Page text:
How JJ Moves
by Amelia Longo
Philadelphia’s JJ Tiziou is known for his vivid images of dance performances, as well as for his project How Philly Moves, which he describes as capturing the moves of “self-identified Philly dancers.” A selection drawn from thousands of his photos is now featured in one of the world’s largest murals on the Philadelphia Airport parking garages.
How do you distinguish between JJ as photographer, audience member, and dancer? Or do they always overlap?
Through about 2007, I always had a camera with me, and I’d photograph everything. A lot of great things come out of that overlap, and also challenges. It’s good to make some demarcations and say, “Here’s where I’m photographing a dance party, and here’s where I want to leave the camera and just dance.”
Sometimes I’ll still be photographing in my head. People see me chasing dancers and think the hard work is the running. The hard work is the observing, all the mental math of anticipating moments, seeing how things line up. There are times when I'll find myself slipping into that observer mindset, and I won’t be present as a dancer at the dance party, because I’ll be floating around outside my body, thinking that the shot is actually three feet to my left and six inches down. There’s definitely value in cultivating that separation, being present and being a dancer.
You dance on your own for fun, and sometimes even in people’s shows. Do you ever feel the pull of wanting to dance when you’re photographing?
I’m always dancing while I’m in photographer mode, but it’s definitely a different dance. One place where that’s different is when I'm more conscious of people watching me. For instance, I just had a cameo in a piece by Nicole Bindler and Gabrielle Revlock where they wanted me to jump on stage and run around photographing. At that point, I’m a performer, and I’m thinking about my movements as they’re seen, rather than [as movements] to make images. I’m taking pictures, but they’re not my strongest work. When I’m photographing a dance party, my movements will tune in to the music, and I’ll be doing my own funny dance, but it’s guided by where the camera needs to be.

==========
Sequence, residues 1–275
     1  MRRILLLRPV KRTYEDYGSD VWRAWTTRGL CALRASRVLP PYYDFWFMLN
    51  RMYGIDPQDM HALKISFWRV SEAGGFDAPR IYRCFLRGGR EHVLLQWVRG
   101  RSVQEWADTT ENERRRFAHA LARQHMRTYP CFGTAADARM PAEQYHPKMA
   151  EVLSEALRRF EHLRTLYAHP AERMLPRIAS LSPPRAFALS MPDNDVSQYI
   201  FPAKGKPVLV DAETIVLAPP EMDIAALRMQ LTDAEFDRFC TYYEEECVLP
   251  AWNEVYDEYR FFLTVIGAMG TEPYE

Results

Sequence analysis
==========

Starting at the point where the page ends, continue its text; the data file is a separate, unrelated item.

You’ve been a professional photographer for almost 10 years, and your portfolio includes theatre, wedding, and even surgical photos. How did you get started taking pictures of dance, and how is photographing dance different from photographing other subjects?
I had friends who were dancers in undergrad, and they asked me to photograph some of their performances. Then I started photographing dance in social settings, sometimes at parties, then later on when photographing my friends’ weddings. In 2003 I got really involved in photographing the Fringe Festival in Philadelphia, which got me a little more plugged into the city's performing arts community. And then I started finding dance in a lot of other places, like protests. Dance is like most other things I photograph. It's maybe more challenging, because in the rest of the world, people’s movements are a bit more predictable. If they’re walking one way, they’re going to keep on walking that way, instead of walking that way and then half doing a roll backwards. There’s this funny dance between subject and background and light and space and photographer. That’s the little weaving and bobbing dance I do all the time, whether I’m photographing a development firm, or dancers on stage, or protesters in the street. All of it becomes about how all these things fit together to carve out a compelling two-dimensional composition out of a chaotic four-dimensional world. It's not always on stage; people don’t always know they’re dancers.
You say “Everyone can dance.” Still, have you ever been surprised by the dance you’ve seen?
The community outreach for How Philly Moves is a great reminder of how unknowable a city is. I'm familiar with Aztec dance from work I did in Florida and Chicago. In 2008, doing my first round of outreach, I was like, “I didn’t know we had that here.” Then in 2010, doing a little more research, I was like, “Wow, we have at least four companies doing Aztec dance.” And line dancing is this huge thing in Philly, but I never run into it, and I consider myself plugged into “the dance community.” It’s a much broader thing that none of us can know completely. Some of the dance for this round, I didn’t even know the words in the applicants’ descriptions. With people you aren’t used to working with and things you’re not familiar with, it’s a lot more challenging. But there’s potential for a lot of real beauty in that struggle, in getting to know people, being open to things that are different.
How Philly Moves dancers who aren’t in the airport mural showed up to support the dedication. How does this project create that connectedness?
It’s not creating connectedness; it’s reminding people of connectedness. I don’t make the people beautiful. I don’t make their dance beautiful. I’m just trying to remind them that they love to dance and are beautiful. The people represented on the mural were chosen because of formal color and shape constraints, and how their images fit on the wall, and we wanted both social and performative dancers. But every single person participating, and every person who didn’t participate, is a winner. This is not about idolizing a celebrity, but celebrating your community, your neighbors. And it’s not about competing, it’s about collaborating and showing everyone together. And I think that’s a recipe for awesome, so I’m not surprised people feel connected and stay involved.
Any last comments?
Here's a preview of images from the most recent shoot.
By Amelia Longo
January 10, 2012